Haren's return coming at perfect time
Maybe the best news the Angels got Wednesday night came from Dan Haren.
He's feeling good and ready to pitch.
On a night when left-hander CJ Wilson endured his worst performance of the season, Haren made it clear he's ready to come off the disabled list and help the Angels win the American League West.
Not that it's going to be easy. Wilson, who had given up as many as four earned runs only once in 19 previous starts, labored through six innings in the Angels' 7-2 loss to the Tigers at Comerica Field. He gave up seven runs on eight hits and also walked five, failing to win for a fourth consecutive start.
The loss left the Angels with a 2-4 record on a trip that ends Thursday and precedes a three-game series against the Texas Rangers on Friday night at Angel Stadium. A little momentum going in to that important set against the American League West leaders wouldn't hurt.
Maybe Haren will provide some relief. He's been on the disabled list since July 4 because of back stiffness but had an excellent bullpen session Wednesday in Detroit and probably will start Sunday against the Rangers.
If he returns to past form, Haren will surely give the Angels' rotation a significant boost over the final two months. He told the Los Angeles Times he was aware of talk that the team might be interested in acquiring a starting pitcher, in part because of his recent troubles and the prolonged struggles of right-hander Ervin Santana.
"I've been a really good pitcher for eight or nine years," Haren told the paper. "I've had a couple of bad months where I've pitched through some stuff. I think people kind of forget how good I can be. It's been kind of frustrating hearing all that stuff."
Frustrating yes, but also understandable. Jered Weaver and Wilson have been the Angels' only consistent starters this season, and now Wilson seems to have hit a visible lull since his last win on June 26.
He took a first-inning lead when Albert Pujols hit a bases-empty home run, his fourth in seven games and the 462nd of his career, tying him with Jose Canseco for 32th place on the career list. But Wilson gave back the run in the bottom of the inning and allowed four more in the second.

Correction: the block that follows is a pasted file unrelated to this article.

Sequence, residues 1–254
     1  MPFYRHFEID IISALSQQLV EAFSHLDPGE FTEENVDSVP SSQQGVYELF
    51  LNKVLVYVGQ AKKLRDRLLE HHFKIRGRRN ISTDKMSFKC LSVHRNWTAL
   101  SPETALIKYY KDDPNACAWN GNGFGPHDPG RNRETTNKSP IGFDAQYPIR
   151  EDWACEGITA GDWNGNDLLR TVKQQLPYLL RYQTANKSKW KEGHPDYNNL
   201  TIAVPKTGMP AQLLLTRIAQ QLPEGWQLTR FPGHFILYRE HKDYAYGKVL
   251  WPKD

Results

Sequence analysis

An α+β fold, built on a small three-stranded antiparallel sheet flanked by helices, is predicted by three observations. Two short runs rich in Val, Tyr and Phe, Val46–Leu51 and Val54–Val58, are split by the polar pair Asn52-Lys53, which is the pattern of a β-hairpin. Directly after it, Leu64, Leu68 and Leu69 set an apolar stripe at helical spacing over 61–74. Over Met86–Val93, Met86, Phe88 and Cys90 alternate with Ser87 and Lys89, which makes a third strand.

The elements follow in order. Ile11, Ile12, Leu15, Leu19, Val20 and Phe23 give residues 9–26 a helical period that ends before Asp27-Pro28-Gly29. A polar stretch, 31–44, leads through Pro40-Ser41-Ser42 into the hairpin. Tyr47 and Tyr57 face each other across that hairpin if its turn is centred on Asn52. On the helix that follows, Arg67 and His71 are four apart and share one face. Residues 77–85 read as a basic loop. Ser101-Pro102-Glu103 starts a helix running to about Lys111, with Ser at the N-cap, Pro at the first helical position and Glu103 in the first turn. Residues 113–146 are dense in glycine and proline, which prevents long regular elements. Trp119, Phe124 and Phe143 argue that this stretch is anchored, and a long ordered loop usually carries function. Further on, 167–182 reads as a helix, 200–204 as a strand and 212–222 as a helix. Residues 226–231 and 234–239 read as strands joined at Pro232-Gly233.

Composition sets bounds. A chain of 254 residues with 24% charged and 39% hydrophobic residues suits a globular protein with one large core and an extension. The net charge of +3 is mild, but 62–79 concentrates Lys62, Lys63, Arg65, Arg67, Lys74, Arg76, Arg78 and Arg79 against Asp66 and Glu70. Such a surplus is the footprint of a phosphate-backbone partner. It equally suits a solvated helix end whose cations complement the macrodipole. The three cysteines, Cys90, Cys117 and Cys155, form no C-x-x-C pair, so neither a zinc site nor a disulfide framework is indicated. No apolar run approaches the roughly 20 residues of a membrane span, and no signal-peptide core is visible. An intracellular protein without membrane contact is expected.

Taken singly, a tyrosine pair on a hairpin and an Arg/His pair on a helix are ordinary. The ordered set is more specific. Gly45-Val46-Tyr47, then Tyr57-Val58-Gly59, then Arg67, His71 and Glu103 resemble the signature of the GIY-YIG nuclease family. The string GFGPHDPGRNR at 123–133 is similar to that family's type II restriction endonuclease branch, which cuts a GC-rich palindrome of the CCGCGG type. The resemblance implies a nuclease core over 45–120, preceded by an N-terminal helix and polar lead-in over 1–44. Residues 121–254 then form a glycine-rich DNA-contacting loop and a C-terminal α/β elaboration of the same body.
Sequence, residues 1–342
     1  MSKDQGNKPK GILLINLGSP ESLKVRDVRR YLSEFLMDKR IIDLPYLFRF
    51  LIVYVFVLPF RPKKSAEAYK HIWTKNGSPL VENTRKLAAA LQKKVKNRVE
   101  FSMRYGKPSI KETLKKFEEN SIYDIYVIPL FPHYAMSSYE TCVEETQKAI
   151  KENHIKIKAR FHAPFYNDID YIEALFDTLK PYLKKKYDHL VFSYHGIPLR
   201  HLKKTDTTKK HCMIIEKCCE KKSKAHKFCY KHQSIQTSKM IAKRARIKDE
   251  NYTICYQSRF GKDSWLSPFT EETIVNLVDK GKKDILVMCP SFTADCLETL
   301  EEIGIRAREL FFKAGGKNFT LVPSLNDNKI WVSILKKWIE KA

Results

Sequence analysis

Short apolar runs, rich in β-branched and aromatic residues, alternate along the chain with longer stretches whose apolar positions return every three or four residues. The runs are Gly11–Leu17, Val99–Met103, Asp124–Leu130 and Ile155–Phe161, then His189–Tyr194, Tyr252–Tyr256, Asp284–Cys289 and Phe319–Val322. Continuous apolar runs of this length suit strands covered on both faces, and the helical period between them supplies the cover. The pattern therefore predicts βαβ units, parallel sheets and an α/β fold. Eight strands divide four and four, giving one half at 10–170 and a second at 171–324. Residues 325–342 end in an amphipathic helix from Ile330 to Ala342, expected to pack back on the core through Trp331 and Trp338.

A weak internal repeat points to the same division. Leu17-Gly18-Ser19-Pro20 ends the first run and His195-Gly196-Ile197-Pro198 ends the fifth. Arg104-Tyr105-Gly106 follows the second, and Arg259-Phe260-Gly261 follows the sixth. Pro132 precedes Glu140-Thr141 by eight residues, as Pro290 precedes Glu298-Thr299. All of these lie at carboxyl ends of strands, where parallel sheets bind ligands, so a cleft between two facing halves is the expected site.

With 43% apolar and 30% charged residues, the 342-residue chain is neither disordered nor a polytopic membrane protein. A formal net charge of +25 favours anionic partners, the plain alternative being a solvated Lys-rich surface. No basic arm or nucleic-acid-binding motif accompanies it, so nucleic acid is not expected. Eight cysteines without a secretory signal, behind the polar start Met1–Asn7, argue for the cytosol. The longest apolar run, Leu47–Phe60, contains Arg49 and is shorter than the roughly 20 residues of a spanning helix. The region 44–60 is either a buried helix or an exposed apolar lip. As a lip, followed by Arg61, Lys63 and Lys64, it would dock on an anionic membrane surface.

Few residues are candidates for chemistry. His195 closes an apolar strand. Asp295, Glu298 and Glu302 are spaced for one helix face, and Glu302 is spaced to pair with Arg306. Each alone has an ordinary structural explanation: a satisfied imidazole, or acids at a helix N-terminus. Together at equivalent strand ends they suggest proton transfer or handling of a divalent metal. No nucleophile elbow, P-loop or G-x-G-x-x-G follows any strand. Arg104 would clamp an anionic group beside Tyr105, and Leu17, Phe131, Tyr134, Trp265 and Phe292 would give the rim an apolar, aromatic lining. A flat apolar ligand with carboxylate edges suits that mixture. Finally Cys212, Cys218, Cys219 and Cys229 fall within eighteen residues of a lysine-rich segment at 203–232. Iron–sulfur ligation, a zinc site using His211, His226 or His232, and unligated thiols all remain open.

"He was behind too many hitters, and it either resulted in a walk or getting into good hitting counts," manager Mike Scioscia said. Those guys hit the ball hard with some guys in scoring position, and some walks obviously set the table.
"He settled in and got into a decent streak in the middle (of the game) and started making some pitches, but his command is what ended up getting him."
One night after the Angels totaled 13 runs and 18 hits against the Tigers, they were held to just two runs on three hits by right-hander Doug Fister, who pitched eight innings, struck out 10 and allowed only one hit after Pujols' bomb – a leadoff single to Alberto Callaspo in the fifth. Mike Trout added a triple in the ninth off Joaquin Benoit.
The Angels lost a chance to pick up a game on the Rangers and now must be aware of the third-place Oakland A's, who beat Texas on a walk-off homer by Brandon Hicks, whose first career homer gave Oakland a 4-3 win.
Don't look now, but the Angels are just 2½ games in front of the A's in the West. There's no doubt, Haren is coming back just in time.